I found this tag on Jenna’s blog and while I missed International Women’s Day, she kindly reminded me that March is the US’s Women’s History Month so I’m not too late, haha! (On that note, the Canadian Women’s History Month is October, so I’d like to see a women’s history book tag focused on Canadian women…)
↠ Thank the person who tagged you and link back to their post.
↠ Link to the creator’s blog in your post.
↠ Answer the questions below using only books written by women.
↠ Feel free to use the same graphics.
↠ Tag 8 others to take part in the tag.
Speth’s whole arc starts with her disobeying the rules of her society, and despite all she experiences as a consequence, she stands firm in her choices. Her bravery is really astonishing, even when it could be frustrating, and especially because she doesn’t see it as a brave act.
Though just a teenager, Kiera was able to teach herself how to code a whole video game, with a simple but effective card game embedded within it, and also monitor a server that supports thousands of users. This is something people spend years in school to do, and she’s out here literally slaying it!
There are some good and bad things about the Monstress graphic novels but one thing becomes glaringly obvious as each issue comes out and that is there are almost no men in power; the leaders of nations and rebel groups, both human and not, are undeniably women who surround themselves with women advisors and allies. If you’re not used to it, it is very noticeable and an interesting break from the usual.
Goodreads Link – Review to come.
Miller’s writing is absolutely astonishing; she manages to evoke great imagery and pull emotions out of you so easily. This was notable in SoA but while I hated the depiction of women in that novel, in Circe, we get the same level of beauty while centering a complex figure in Greek myth.
Rin starts off as a poor orphan and country bumpkin who crawls her way to a spot in a prestigious military school. There, a ruthlessness awakens inside her and she sharpens herself into a formidable weapon, using her training and shamanic powers. She does many questionable things but you can’t question her warrior loyalties and strength.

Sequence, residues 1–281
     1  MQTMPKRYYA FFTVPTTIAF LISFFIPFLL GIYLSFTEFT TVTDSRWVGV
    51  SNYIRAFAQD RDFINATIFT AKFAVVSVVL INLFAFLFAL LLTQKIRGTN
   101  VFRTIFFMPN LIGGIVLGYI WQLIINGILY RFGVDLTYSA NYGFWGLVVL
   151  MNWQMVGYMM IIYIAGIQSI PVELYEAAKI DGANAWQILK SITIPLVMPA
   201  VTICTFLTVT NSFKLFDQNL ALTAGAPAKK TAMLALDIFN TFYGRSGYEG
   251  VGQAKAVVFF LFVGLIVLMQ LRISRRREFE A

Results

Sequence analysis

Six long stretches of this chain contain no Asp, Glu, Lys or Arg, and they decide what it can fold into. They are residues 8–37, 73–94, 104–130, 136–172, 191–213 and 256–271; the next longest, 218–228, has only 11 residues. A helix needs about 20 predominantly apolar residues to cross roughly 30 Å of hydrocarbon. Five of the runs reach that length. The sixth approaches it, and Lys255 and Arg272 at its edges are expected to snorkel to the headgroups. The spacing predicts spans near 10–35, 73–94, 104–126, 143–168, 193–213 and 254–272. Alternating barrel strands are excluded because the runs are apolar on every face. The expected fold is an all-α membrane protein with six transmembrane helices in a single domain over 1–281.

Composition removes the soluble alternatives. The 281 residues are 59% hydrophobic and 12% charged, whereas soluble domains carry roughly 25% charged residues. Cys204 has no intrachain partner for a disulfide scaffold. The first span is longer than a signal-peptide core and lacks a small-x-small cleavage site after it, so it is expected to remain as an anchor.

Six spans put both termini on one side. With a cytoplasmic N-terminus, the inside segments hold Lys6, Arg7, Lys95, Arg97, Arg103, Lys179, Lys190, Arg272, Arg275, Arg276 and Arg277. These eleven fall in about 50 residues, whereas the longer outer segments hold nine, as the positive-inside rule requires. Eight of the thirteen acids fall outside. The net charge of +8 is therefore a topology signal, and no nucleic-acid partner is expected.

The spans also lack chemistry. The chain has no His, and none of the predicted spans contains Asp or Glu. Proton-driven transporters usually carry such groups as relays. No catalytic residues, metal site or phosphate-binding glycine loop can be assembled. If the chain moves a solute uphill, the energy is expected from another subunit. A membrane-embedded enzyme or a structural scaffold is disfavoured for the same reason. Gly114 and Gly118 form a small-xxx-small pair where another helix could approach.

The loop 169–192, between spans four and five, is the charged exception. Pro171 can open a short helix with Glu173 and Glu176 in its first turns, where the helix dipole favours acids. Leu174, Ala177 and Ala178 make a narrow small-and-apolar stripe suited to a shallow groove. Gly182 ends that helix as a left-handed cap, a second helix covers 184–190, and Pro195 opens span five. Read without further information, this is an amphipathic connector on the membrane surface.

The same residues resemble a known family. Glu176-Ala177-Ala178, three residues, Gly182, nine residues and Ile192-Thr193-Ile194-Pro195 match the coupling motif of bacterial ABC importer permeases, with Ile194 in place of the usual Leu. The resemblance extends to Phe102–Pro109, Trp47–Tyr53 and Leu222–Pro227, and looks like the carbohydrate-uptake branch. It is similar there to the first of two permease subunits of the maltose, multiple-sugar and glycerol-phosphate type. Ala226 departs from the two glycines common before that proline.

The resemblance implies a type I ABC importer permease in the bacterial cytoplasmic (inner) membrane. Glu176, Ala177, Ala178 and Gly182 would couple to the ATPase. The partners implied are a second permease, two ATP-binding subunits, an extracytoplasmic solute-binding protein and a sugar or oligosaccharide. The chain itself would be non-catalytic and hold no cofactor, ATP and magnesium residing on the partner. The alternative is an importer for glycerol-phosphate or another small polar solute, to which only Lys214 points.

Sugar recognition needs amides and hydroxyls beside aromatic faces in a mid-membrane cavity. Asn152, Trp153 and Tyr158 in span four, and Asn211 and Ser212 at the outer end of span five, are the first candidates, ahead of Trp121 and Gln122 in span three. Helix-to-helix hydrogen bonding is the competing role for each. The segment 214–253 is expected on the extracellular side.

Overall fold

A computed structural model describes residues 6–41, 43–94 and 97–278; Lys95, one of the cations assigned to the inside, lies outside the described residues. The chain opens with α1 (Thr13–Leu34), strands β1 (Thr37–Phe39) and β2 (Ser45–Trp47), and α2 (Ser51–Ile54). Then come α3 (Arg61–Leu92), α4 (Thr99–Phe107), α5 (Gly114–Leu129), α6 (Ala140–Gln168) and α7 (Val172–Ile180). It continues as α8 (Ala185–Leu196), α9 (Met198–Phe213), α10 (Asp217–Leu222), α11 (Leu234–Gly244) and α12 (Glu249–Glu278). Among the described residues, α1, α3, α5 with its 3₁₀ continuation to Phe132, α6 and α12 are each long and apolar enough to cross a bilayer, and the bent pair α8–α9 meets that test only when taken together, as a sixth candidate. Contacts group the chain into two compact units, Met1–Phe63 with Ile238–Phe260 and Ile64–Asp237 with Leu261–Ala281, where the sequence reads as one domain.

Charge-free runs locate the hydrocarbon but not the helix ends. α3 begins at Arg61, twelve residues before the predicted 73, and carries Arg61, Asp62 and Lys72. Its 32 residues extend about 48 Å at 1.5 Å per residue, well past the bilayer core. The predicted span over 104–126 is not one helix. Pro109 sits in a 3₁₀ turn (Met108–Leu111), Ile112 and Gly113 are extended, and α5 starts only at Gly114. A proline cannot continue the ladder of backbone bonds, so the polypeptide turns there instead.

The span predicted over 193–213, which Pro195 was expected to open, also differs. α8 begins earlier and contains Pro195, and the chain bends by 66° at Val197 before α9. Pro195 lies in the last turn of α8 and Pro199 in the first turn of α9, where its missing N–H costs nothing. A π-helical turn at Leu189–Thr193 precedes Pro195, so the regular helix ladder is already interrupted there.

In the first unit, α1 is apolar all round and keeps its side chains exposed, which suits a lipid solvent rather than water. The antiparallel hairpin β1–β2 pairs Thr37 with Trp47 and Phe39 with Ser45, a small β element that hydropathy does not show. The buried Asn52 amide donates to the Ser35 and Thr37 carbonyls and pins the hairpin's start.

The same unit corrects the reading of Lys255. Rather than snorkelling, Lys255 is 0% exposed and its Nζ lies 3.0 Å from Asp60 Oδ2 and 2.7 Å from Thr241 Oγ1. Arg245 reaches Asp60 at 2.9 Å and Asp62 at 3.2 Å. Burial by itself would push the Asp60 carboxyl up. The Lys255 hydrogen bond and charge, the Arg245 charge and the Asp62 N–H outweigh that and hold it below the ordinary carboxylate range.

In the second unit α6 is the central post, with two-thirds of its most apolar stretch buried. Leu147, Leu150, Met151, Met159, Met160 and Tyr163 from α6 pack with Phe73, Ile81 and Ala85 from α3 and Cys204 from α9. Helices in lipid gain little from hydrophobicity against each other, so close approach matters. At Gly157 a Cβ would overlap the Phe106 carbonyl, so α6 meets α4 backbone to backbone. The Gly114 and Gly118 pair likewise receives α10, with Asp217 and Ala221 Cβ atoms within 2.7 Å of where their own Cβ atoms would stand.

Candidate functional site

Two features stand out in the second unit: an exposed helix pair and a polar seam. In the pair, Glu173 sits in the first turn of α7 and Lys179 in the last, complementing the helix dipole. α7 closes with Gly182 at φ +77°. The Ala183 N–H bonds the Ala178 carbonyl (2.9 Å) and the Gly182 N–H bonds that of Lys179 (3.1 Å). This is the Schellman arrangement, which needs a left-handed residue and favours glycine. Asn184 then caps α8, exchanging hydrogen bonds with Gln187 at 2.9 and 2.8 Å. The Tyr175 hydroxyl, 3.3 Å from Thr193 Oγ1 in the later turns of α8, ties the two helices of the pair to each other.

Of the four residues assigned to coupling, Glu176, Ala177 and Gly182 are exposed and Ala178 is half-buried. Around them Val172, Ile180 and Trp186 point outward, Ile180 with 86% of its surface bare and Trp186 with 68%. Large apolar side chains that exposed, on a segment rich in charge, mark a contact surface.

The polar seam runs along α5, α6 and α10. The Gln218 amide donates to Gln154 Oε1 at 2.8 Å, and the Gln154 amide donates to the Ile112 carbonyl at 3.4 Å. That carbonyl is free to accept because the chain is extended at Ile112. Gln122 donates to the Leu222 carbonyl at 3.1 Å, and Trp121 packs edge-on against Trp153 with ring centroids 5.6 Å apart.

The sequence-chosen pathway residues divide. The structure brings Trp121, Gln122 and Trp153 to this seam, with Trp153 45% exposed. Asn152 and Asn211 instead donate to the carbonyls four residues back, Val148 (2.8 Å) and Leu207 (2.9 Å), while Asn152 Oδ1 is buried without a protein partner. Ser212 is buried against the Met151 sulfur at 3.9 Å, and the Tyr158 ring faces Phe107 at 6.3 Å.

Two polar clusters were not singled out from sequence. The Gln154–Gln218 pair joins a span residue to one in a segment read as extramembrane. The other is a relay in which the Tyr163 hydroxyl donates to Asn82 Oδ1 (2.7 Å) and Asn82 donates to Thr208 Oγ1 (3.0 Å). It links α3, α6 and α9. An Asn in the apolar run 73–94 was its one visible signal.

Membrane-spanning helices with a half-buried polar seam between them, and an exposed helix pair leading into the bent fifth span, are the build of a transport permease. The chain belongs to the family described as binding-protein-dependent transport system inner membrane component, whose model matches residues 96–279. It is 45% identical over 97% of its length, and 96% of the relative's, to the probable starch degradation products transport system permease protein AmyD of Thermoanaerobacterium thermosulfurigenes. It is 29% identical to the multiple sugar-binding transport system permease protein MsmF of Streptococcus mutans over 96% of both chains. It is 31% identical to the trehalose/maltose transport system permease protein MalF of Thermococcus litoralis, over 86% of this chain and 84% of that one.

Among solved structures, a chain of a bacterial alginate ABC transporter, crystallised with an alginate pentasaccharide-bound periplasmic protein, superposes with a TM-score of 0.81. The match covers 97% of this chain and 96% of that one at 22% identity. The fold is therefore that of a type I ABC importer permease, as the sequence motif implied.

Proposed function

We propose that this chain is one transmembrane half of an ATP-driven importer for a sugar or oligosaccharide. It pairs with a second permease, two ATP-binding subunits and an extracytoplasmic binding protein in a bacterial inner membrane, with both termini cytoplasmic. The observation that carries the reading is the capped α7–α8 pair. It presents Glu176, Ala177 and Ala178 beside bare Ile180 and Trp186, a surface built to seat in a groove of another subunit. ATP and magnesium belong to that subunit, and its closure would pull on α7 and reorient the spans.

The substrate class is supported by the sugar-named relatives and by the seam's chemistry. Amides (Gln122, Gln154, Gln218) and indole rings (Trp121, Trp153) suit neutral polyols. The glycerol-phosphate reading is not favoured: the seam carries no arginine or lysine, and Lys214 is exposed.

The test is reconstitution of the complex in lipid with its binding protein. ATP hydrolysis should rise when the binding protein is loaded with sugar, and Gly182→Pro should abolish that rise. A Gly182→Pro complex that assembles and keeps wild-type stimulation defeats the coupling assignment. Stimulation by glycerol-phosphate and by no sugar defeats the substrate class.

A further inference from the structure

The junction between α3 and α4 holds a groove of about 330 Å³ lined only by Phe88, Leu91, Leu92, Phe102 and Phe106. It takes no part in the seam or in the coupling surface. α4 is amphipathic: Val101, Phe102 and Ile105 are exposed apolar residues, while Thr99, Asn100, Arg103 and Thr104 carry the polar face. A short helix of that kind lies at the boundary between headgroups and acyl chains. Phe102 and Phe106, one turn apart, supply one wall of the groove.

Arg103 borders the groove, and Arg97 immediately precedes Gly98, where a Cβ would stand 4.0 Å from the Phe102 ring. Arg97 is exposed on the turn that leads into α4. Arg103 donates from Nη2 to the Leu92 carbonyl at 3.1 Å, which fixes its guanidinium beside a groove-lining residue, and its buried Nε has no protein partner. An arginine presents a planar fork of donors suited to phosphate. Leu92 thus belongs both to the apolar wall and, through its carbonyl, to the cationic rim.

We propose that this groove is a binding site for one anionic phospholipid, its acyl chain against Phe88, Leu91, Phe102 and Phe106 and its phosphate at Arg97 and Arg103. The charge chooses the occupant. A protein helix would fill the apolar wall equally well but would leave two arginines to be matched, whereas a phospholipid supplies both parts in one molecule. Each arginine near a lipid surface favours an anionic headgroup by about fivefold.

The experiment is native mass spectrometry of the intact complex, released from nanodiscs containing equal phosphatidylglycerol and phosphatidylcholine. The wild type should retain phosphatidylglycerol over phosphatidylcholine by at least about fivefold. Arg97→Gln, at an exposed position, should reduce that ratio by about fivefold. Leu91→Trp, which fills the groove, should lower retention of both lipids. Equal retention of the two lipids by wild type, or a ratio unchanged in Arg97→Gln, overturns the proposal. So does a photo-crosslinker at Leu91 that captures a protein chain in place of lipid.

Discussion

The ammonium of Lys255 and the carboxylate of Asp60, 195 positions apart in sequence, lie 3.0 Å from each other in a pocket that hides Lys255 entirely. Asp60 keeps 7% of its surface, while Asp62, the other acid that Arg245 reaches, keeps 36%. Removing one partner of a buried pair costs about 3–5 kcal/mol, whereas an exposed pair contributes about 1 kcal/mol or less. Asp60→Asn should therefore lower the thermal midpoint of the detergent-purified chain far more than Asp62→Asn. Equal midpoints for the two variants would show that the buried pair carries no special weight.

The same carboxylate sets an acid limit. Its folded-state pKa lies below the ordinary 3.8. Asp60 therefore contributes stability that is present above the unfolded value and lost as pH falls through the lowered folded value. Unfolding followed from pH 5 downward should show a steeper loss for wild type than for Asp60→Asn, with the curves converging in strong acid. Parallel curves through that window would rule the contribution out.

I don’t get to highlight this book enough but it was an absorbing standalone sci-fi murder mystery! Plus, it features a range of female characters with differing views on morality and what it means to be a human, even as a clone.
I’m not sure how underappreciated this book is, but I hardly see it touched upon. This was a really fun, mind-blowing sci-fi about a rag tag group of outcasts who work together to bring down a vast, power-hungry empress. One of the taglines for this book is “a feminist Guardians of the Galaxy” and with it’s diverse, majority female cast, this tagline is certainly accurate.
You can never read too many books about queer girls. This novel is one of my favourites! The romance is super cute and the characters are adorable and compelling!
This whole series granted Jemisin three Hugo awards, and it’s no wonder! The story is intricate, the characters are engaging and infuriating at the same time, and the lore is expansive. If you haven’t picked up this series yet, you just have to!
For this tag, I’m choosing Buffy Sainte-Marie, an Indigenous singer-songwriter and activist! She’s been a powerhouse for many years and I’ve admired her work for some time now.
The Good Luck Girls is an inspiring story about breaking from your trauma and demanding the world to treat you with respect. It highlights that not all anger is destructive and that there is always a glimmer of hope in the darkness.